Protozoal diseases


The life cycle of Toxoplasma gondii is complex and signs of illness in cats are variable. Most exposed cats are not clinically affected, but tissue cysts persist for life. Approximately 30% of cats in the U.S. have antibodies to Toxoplasma. IFA, ELISA, Western blot, and agglutination methods are used to detect Ab. A positive IgM titer of 1:64 or higher indicates current infection or recent exposure and is considered diagnostic if clinical signs are consistent. However, a positive IgG titer indicates past exposure, as IgG remains elevated for years or a lifetime without clinical illness. Therefore, a single high IgG titer should not be used to diagnose sick cats. Acute and convalescent samples (2-4 weeks apart) usually show a 4-fold or greater increase in either IgM or IgG titers in acute cases.


Traditionally this parasite was diagnosed on fecal exams, either direct saline smear or zinc sulfate centrifugation flotation. ELISA and IFA tests are now available at reference labs along with an in-clinic ELISA (SNAP Giardia, IDEXX) to detect a protein associated with cyst formation in the intestines. Experience to date suggests that these tests are very accurate in diagnosing Giardia. However, there is some question as to how soon the assays will turn negative after treatment. There are reports of dogs and cats testing positive for weeks or months after appropriate drug therapy and resolution of clinical signs. Some of these cases may be reinfections or the result of a low level of persistent organisms in the GI tract. Screening of healthy animals is also controversial but may be indicated because of zoonotic potential, especially if immunosuppressed humans are in contact.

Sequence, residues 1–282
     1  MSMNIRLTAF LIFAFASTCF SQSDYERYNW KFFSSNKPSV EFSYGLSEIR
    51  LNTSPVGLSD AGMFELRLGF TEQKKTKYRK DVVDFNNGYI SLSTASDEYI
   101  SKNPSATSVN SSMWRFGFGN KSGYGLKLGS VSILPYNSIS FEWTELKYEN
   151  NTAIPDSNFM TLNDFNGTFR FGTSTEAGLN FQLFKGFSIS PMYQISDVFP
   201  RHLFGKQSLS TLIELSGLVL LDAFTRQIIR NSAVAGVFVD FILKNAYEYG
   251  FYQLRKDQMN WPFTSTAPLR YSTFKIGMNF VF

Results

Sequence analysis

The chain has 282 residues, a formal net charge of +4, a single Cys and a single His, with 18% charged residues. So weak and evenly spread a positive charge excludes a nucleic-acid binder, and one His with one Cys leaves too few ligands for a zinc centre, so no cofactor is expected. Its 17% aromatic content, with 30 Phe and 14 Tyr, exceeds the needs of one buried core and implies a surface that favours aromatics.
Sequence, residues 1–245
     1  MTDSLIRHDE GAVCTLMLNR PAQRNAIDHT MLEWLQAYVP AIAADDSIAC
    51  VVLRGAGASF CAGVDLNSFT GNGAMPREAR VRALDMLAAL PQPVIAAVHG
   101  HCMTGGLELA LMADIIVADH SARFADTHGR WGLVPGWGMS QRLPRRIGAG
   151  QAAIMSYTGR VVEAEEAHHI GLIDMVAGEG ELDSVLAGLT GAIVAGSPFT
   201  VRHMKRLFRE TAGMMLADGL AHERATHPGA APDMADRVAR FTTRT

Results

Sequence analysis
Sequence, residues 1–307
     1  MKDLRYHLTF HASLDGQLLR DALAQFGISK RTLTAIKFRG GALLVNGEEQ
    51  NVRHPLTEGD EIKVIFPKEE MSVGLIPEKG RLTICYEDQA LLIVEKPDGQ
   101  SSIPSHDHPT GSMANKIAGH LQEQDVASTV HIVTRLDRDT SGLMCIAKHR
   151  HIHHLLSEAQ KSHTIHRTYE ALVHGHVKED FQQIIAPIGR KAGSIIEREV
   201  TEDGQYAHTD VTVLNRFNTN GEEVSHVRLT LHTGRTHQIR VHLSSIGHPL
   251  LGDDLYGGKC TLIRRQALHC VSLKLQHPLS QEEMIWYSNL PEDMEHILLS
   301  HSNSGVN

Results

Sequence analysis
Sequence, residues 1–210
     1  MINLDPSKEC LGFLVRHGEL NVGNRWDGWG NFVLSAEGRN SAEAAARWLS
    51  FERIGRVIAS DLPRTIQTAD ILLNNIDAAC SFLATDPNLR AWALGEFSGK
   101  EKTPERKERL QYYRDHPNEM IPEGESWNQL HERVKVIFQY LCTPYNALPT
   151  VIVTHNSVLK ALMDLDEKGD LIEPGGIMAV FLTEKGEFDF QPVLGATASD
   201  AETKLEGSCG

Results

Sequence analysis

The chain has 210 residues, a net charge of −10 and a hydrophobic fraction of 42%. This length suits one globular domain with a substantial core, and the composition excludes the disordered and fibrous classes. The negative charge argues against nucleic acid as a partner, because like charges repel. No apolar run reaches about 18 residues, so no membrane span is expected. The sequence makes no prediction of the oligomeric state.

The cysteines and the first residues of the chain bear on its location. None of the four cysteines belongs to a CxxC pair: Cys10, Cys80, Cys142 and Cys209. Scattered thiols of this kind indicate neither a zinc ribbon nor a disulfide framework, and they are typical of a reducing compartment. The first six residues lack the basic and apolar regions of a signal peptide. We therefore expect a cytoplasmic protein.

Healthy cats do not often show signs of illness after exposure to cryptosporidia. However, small-bowel diarrhea that may be chronic is seen in some affected cats. Cysts may be seen in direct fecal smears or flotations. IFA testing is available at reference labs and is recommended for workups of kittens and cats with unexplained or chronic diarrhea.


Kittens and young adults with chronic diarrhea should be tested. Culture (pouch testing) is inexpensive and generally accurate. PCR testing is more sensitive and available at some reference labs, often as part of a "feline diarrhea" panel.